26 The BasicsThe other pivotal price point is the close. Margin calls in the futuresmarkets are based on the close. We can thus expect heavy emotionalinvolvement into how the market closes. The close is also a pivotal pricepoint for many technicians. They may wait for a close to confirm a break-out from a significant chart point. Many computer trading systems (forexample, moving average systems) are based on closes. If a large buy orsell order is pushed into the market at, or near, the close, with theintention of affecting the close, the Japanese call this action a night attack.Exhibits 3.4 to 3.7 illuminate how the relationship between a periodsopen, high, low, and close alters the look of the individual candlestickline. Now let us turn our attention to how the candlestick lines, alone orin combination, provide clues about market direction.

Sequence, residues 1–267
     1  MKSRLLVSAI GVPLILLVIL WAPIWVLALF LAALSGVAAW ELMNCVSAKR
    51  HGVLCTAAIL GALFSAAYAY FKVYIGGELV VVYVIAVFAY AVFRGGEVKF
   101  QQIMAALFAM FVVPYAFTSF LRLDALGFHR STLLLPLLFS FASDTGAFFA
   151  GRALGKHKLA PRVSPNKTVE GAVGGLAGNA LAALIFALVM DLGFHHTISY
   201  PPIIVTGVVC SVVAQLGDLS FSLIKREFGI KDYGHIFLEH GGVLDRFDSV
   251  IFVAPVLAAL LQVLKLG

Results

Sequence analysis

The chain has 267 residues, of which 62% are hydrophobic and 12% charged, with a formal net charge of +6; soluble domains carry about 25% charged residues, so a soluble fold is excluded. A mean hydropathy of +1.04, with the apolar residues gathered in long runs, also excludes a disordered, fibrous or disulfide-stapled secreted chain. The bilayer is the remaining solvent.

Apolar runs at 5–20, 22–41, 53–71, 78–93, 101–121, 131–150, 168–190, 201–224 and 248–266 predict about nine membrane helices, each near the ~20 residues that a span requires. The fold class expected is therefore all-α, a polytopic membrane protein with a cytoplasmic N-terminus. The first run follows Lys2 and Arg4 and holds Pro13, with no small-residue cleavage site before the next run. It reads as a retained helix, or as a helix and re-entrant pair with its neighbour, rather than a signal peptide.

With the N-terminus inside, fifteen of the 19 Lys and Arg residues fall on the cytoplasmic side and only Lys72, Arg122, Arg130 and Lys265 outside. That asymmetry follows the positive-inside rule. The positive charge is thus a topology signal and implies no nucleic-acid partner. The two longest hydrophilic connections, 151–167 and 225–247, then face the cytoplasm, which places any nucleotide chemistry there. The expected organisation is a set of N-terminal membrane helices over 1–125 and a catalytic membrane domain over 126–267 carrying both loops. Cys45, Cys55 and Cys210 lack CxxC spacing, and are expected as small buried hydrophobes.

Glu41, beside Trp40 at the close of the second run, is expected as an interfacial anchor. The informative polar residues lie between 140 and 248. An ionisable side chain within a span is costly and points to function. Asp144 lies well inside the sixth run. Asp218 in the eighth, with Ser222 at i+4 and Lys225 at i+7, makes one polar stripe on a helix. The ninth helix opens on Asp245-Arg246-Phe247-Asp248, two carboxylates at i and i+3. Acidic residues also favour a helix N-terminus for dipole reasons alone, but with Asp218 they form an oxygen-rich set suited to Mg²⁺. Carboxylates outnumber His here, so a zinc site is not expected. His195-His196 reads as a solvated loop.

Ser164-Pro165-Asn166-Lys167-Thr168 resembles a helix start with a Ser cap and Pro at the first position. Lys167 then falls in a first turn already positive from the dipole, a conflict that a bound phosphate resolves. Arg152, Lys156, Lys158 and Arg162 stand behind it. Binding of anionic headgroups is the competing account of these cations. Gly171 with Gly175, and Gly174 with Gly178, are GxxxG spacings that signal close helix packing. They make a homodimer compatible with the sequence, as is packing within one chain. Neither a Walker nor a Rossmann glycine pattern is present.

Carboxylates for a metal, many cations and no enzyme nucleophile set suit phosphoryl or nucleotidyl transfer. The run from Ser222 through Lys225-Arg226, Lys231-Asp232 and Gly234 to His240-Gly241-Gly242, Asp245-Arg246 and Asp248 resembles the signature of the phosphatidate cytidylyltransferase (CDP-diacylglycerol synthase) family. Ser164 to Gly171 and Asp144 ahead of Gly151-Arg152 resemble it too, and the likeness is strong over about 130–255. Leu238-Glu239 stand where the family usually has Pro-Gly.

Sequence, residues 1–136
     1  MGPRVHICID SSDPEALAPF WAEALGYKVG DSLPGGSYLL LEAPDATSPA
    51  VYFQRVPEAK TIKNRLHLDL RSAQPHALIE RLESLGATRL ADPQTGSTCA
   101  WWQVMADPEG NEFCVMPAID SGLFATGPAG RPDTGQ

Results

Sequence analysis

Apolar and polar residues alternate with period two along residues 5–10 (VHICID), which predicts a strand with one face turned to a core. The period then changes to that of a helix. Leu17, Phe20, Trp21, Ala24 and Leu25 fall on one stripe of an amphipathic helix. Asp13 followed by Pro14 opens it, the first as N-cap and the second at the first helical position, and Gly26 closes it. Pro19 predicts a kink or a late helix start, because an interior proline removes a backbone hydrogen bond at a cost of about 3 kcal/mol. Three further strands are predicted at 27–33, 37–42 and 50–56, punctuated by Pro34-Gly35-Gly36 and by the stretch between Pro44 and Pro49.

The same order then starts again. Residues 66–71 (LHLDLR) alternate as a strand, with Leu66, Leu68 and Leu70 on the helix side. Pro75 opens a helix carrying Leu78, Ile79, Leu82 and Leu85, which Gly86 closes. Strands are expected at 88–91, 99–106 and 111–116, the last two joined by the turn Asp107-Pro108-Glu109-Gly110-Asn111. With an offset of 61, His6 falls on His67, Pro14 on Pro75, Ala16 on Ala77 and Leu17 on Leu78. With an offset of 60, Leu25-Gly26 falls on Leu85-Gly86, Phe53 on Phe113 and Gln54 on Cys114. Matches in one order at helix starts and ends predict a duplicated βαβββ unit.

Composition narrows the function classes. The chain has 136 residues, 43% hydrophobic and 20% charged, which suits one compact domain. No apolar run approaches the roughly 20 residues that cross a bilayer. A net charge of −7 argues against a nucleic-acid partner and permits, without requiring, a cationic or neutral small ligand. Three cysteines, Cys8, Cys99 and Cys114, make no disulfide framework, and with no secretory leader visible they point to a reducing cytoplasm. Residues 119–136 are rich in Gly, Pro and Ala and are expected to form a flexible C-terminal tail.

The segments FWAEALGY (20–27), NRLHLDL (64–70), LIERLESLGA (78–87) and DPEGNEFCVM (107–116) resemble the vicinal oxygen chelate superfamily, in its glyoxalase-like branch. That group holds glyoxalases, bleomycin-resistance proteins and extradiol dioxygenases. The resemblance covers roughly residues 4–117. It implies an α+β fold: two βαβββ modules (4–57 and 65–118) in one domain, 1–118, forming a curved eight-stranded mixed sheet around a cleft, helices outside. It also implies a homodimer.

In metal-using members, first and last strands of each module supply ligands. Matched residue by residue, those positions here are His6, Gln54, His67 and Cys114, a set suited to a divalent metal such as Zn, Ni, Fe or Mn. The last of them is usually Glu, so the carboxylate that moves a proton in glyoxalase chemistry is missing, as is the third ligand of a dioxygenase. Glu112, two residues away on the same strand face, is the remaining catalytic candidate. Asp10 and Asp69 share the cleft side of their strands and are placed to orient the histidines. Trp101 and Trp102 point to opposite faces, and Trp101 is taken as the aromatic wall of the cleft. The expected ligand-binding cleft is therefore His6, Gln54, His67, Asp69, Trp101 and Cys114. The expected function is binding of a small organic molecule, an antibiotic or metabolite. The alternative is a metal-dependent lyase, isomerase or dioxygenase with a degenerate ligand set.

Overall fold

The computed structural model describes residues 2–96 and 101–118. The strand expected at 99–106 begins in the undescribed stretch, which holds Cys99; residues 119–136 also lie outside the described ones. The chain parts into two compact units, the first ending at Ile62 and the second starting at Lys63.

CHAPTER 4REVERSAL PATTERNS--%%ImJ"Darkness Lies One Inch Ahead"Technicians watch for price clues that can alert them to a shift in mar-ket psychology and trend. Reversal patterns are these technical clues.Western reversal indicators include double tops and bottoms, reversaldays, head and shoulders, and island tops and bottoms.Yet the term "reversal pattern" is somewhat of a misnomer. Hearingthat term may lead you to think of an old trend ending abruptly andthen reversing to a new trend. This rarely happens. Trend reversals usu-ally occur slowly, in stages, as the underlying psychology shifts gears.A trend reversal signal implies that the prior trend is likely to change,but not necessarily reverse. This is very important to understand. Com-pare an uptrend to a car traveling forward at 30 m.p.h. The cars redbrake lights go on and the car stops. The brake light was the reversalindicator showing that the prior trend (that is, the car moving forward)was about to end. But now that the car is stationary will the driver thendecide to put the car in reverse? Will he remained stopped? Will hedecide to go forward again? Without more clues we do not know.Exhibits 4.1 through 4.3 are some examples of what can happen aftera top reversal signal appears. The prior uptrend, for instance, could con-vert into a period of sideways price action. Then a new and oppositetrend lower could start. (See Exhibit 4.1.) Exhibit 4.2 shows how an olduptrend can resume. Exhibit 4.3 illustrates how an uptrend can abruptlyreverse into a downtrend.It is prudent to think of reversal patterns as trend change patterns. Iwas tempted to use the term "trend change patterns" instead of "rever-sal patterns" in this book. However, to keep consistent with other tech-